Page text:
Pushing the limit: could cyanobacteria terraform Mars?
The discovery that blue-green algae can photosynthesise in extremely low light has implications for astrobiology. Andrew Masterson reports.
The bacteria that 3.5 billion years ago were largely responsible for the creation of a breathable atmosphere on Earth could be press-ganged into terraforming other planets, research suggests.
A team of biologists and chemists from Australia, the UK, France and Italy has been investigating the ability of cyanobacteria – also known as blue-green algae – to photosynthesise in low-light conditions.
Cyanobacteria are some of the most ancient organisms around, and were responsible, though photosynthesis, for converting the Earth’s early atmosphere of methane, ammonia and other gases into the composition it sustains today.
The photochemistry used by the microbes is pretty much the same as that used by the legion of multicellular plants that subsequently evolved. The process involves the use of red light. Most plants are green because chlorophyll is bad at absorbing energy from that part of the visible light spectrum, and thus reflects it.
Light itself, however, is a critical component for photosynthesis, which is why plants (and suitably equipped bacteria) fail to grow in very dark environments. Just how dark such environments need to be before the process becomes impossible was the focus of the new research.
The team of scientists, which included Elmars Krausz from the Australian National University in Canberra, tested the ability of a cyanobacterial species called Chroococcidiopsis thermalis to photosynthesise in low light.
Previously it had been widely thought that the necessary photochemistry shut down at a light wavelength of 700 nanometres – a point known as the “red limit”.
Krausz and his colleagues, however, found that C. thermalis continued to photosynthesise at wavelengths up to 750 nanometres. The finding not only represents a significant extension of the low-light photosynthesis limit, but also describes a system that can function using much less biological fuel. The researchers call it an “unprecedented low-energy photosystem”.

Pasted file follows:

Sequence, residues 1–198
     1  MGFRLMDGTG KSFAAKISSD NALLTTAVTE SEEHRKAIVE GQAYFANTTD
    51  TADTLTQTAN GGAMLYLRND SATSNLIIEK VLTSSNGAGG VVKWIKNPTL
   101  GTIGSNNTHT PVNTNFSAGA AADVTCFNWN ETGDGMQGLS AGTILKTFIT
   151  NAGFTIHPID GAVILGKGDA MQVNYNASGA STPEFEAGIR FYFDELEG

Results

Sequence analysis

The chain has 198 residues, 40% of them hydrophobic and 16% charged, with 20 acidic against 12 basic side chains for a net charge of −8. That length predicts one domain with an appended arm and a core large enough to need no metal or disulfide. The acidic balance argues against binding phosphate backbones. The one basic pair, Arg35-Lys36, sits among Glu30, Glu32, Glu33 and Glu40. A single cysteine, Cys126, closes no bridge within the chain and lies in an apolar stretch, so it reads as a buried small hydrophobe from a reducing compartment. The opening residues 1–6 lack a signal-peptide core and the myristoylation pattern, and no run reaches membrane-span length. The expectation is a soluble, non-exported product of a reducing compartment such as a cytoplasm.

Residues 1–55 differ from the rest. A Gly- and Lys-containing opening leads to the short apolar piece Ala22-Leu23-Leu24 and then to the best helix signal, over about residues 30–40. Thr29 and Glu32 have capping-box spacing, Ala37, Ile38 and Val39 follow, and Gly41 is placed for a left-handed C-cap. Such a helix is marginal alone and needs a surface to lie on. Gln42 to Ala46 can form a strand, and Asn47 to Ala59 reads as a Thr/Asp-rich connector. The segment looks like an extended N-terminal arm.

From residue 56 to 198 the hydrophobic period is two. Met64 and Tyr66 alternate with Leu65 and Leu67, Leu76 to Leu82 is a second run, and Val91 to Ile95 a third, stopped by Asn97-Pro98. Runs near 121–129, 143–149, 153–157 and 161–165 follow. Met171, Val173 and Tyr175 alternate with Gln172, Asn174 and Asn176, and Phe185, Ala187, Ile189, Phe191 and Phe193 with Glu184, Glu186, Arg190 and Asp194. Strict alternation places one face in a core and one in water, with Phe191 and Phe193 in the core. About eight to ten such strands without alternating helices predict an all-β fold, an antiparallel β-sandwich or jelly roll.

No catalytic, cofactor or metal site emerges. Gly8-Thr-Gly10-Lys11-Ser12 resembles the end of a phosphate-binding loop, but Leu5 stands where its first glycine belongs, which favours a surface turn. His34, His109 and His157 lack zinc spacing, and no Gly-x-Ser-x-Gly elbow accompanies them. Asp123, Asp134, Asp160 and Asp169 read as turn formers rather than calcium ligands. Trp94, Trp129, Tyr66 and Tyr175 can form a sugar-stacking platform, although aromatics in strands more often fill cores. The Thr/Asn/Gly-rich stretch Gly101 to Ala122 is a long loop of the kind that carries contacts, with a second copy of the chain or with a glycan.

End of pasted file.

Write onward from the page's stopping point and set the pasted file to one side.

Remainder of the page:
The key, the scientists discovered, lies in the presence of previously undetected long-wavelength chlorophylls, which perform the necessary charge separation. The researchers traced the origin of these chlorophylls back to the C. thermalis genome, and discovered that it was located in a specific gene cluster that is common in many cyanobacterial species – suggesting that the ability to surpass the red limit is common.
To Krausz this low-light ability holds promise for the use of cyanobacteria as frontline terraforming agents. Establishing colonies on other planets would set in motion an atmospheric transformation that should – eventually – result in human-friendly conditions.
Of course, if some astrobiological theories are correct, cyanobacteria (or, at least, similar lifeforms) may already exist on other planets – in which case their ability to survive in harsh low-light conditions suggests a new target for detection.
“This might sound like science fiction, but space agencies and private companies around the world are actively trying to turn this aspiration into reality in the not-too-distant future,” says Krausz.
“Photosynthesis could theoretically be harnessed with these types of organisms to create air for humans to breathe on Mars.
“Low-light adapted organisms, such as the cyanobacteria we’ve been studying, can grow under rocks and potentially survive the harsh conditions on the red planet.”
The research is published in the journal Science.